THE RISE AND FALL OF THE TUBERCULOSIS SANITARIUM IN RESPONSE TO
THE WHITE PLAGUE
SUBMITTED TO THE GRADUATE SCHOOL
IN PARTIAL FULFILLMENT OF THE REQUIREMENTS
FOR THE DEGREE
MASTER OF SCIENCE HISTORIC PRESERVATION
BALL STATE UNIVERSITY
This thesis would not have been possible without the support and encouragement of my thesis committee. I must first thank Architecture Professor Edward Wolner for his patience with me, his guidance, and for sharing his wealth of knowledge about modernist architecture and architects, Johannes Duiker and Alvar Aalto, in particular. Secondly, I am incredibly grateful to History Professor Nina Mjagkij, a former consumptive, for directing my research and organization of this thesis. Finally, I am appreciative of Architecture instructor Cynthia
Brubaker’s support of my initial research, eagerness to learn more about tuberculosis sanitariums, and willingness to serve on this committee.
I am also thankful to my MSHP colleagues Emily Husted, Kelli Kellerhals, and Chris Allen.
The four of us formed a student thesis committee, meeting weekly to set goals for our research and writing, discussing our topics, and keeping one another on task. It is very possible that this thesis would not have been completed without them.
I would also like to acknowledge the help provided to me in researching Kneipp Springs
Sanitarium. Bridgett Cox at the Hope Springs Library was very helpful, responding to my email requests and introducing me to the Scrapbooks of M.F. Owen: Rome City Area History that played such a pivotal role in my research of this institution. Moreover, I am incredibly grateful to Nick Chester of Rome Springs for providing a comprehensive tour of the site, sharing his
ii memories of the Catholic Sisters’ time at the health spa, and his understanding of the buildings’ former uses.
A number of individuals contributed to my research of Silvercrest Sanitarium in New
Albany, as well. Thank you, Greg Sekula and Laura Renwick at Indiana Landmarks Jeffersonville office for sharing your knowledge and research of Silvercrest with me. The Floyd County Library
Geology Department was also very kind in pulling files for me, answering my questions through email, and helping me plan my research trip to southern Indiana.
Finally, I must thank my mother for sharing her knowledge of my grandmother’s time at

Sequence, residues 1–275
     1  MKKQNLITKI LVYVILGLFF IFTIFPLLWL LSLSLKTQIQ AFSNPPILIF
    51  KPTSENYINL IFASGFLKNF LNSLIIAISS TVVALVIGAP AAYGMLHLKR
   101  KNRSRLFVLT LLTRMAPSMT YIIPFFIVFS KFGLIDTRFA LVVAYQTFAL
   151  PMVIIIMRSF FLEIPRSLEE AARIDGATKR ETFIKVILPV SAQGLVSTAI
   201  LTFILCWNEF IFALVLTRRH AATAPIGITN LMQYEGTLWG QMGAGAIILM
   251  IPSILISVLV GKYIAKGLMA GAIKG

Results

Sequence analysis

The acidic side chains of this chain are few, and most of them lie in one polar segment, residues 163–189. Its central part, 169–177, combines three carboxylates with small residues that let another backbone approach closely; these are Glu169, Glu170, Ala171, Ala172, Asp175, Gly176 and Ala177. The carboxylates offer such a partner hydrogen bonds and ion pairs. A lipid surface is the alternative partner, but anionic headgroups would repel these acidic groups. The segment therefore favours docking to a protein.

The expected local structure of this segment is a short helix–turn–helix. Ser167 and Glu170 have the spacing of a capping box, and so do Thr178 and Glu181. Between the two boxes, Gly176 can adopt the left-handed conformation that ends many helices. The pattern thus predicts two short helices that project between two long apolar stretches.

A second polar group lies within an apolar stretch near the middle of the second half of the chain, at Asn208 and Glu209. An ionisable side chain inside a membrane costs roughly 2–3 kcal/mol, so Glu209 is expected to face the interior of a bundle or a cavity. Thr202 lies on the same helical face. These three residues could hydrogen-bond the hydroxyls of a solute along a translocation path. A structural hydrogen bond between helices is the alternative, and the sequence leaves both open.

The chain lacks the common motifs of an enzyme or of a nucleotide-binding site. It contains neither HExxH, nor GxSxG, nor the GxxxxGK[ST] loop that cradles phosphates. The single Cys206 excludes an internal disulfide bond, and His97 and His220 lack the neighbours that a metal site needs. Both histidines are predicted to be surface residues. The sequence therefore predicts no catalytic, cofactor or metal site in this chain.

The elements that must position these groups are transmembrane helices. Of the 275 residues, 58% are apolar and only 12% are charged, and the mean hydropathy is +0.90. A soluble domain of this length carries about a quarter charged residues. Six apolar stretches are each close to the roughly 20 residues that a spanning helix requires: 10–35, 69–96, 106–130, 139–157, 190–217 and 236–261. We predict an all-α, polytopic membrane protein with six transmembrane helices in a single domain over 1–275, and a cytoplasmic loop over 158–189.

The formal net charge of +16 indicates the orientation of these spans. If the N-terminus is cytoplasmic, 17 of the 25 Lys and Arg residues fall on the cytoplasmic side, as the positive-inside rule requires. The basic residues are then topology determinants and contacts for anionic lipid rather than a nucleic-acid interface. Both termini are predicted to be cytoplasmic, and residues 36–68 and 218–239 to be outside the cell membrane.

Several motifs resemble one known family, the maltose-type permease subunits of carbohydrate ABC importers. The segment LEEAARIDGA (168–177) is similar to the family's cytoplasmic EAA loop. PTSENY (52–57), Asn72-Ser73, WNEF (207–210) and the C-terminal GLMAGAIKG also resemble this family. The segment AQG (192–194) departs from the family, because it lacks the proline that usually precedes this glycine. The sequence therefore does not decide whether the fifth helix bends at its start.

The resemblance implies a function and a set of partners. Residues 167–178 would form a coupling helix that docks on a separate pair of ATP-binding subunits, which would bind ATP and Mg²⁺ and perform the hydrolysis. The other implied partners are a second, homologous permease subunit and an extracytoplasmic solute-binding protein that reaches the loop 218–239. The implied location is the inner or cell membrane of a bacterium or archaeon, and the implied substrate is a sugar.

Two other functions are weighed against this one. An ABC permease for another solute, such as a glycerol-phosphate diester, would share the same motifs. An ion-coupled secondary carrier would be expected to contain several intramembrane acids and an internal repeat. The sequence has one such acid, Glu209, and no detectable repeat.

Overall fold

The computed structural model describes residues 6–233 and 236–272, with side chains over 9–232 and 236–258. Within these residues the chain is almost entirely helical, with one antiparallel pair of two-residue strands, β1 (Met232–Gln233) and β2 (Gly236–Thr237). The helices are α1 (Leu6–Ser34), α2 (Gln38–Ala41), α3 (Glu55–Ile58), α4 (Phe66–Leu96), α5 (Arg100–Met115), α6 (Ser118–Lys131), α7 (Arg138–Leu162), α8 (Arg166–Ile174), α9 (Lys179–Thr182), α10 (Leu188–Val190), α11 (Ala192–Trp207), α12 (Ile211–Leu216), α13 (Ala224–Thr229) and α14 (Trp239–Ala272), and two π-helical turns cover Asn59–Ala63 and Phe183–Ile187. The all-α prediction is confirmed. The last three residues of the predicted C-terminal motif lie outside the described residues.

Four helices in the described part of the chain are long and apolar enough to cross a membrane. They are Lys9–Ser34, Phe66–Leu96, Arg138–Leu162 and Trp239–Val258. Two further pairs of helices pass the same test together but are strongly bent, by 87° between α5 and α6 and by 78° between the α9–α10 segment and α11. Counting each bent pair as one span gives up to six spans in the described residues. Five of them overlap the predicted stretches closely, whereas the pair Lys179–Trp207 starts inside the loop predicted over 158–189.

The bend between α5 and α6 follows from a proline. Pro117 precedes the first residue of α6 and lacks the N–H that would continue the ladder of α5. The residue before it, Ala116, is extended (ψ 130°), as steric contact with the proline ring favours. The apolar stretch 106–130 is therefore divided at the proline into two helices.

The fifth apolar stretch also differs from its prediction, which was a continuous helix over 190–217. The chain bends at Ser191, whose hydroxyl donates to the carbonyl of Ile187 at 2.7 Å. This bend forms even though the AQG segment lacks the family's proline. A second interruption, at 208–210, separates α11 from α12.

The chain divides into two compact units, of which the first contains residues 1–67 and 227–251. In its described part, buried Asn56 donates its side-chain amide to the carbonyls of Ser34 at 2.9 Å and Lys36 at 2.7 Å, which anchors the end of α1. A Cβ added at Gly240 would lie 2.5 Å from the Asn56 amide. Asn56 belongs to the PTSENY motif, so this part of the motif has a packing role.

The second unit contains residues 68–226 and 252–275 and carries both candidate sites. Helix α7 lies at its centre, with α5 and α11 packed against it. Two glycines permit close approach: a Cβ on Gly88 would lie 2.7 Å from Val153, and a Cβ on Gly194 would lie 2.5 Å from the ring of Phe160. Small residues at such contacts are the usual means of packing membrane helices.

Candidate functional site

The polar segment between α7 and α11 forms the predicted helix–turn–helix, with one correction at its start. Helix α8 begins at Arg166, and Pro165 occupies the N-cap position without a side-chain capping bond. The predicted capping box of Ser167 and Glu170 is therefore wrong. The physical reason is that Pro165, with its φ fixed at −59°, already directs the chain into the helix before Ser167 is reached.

the Wisconsin State Sanitarium in Wales during World War II, where she underwent treatment for her consumption.
Contents Acknowledgements ...... ii List of Figures ...... v List of Tables ...... vi Chapter 1: Introduction ...... 1 Chapter 2: History of the Disease ...... 9 Chapter 3: The European and American Health Spa Movements ...... 26 Chapter 4: The Development of the European Sanitarium Movement ...... 39 Chapter 5: The Development of the American Sanitarium Movement ...... 44 Chapter 6: The American Sanitarium Movement: Borrowing from European Modernist Innovation ...... 59 Chapter 7: Conclusion ...... 84 Works Cited ...... 89
List of Figures Figure 1.1 Photograph of Olive Patterson, 1942………………………………………………………………………..1 Figure 1.2 Photograph of women behind fence, c.1943…………………………………………………………….2 Figure 2.1 “Consumption's Allies ‐‐ Avoid Them and You Are Safeguarding Against the Disease………………………………………………………………………………………………………………………..12 Figure 2.2 “Children Made Orphans by Tuberculosis”……………………………………………………….……13 Figure 2.3. “Little Red”…………………………………………………………………………………………………………….14 Figure 2.4. An example of an open‐air cottage built in the early twentieth century………………….15 Figure 2.5 Ideal cottage‐type plan…………………………………………………………………………………………... 15 Figure 2.6. Trend of death rates per 100,000 population for tuberculosis (all forms) by race and gender: Death registration States, 1910‐1944………………………………………………………….…..18 Figure 2.7. Death rate per 100,000 population for tuberculosis (all forms), 1944………………….….21 Figure 2.8. Deaths from tuberculosis (all forms) as percentages of deaths from all cases, by age, race, and sex in the United States, 1944………………………………………………………………………23 Figure 3.1. How to administer a knee shower…………………………………………………………….……………28 Figure 3.2. Administering the upper shower………………………………………………………………….………..29 Figure 3.3. Path taken by watering can…………………………………………………………………………….……..29 Figure 3.4. Resident physician’s cottage, as it exists today…………………………………………….…………32 Figure 3.5. Kneipp Sanitarium, c. 1905……………………………………………………………………………………..34 Figure 3.6. Kneipp Sanitarium, c. 1917…………………………………………………………………………………….35 Figure 3.7. Kneipp Sanitarium, c. 1917…………………………………………………………………………………….36 Figure 3.8. Triangular, cast iron members were installed in the corners created in the staircase to prevent dust buildup……………………………………………………………………………………….….…..37 Figure 5.1. Eastern State Penitentiary, Philadelphia, designed by Georg Haviland, 1821….…...... 47 Figure 5.2. Recommended elevation for the linear plan of Kirkbride Institution………………..……49 Figure 5.3. Cellar of Linear Hospital Plan………………………………………………………………………………….50 Figure 5.4. First floor of Linear Hospital Plan……………………………………………………………………….…..50 Figure 5.5. Suggested wing plan for TB Sanitariums………………………………………………………….…….54 Figure 5.6. Historic Photograph of Smith‐Esteb residence, US 27 south of Richmond……….…….57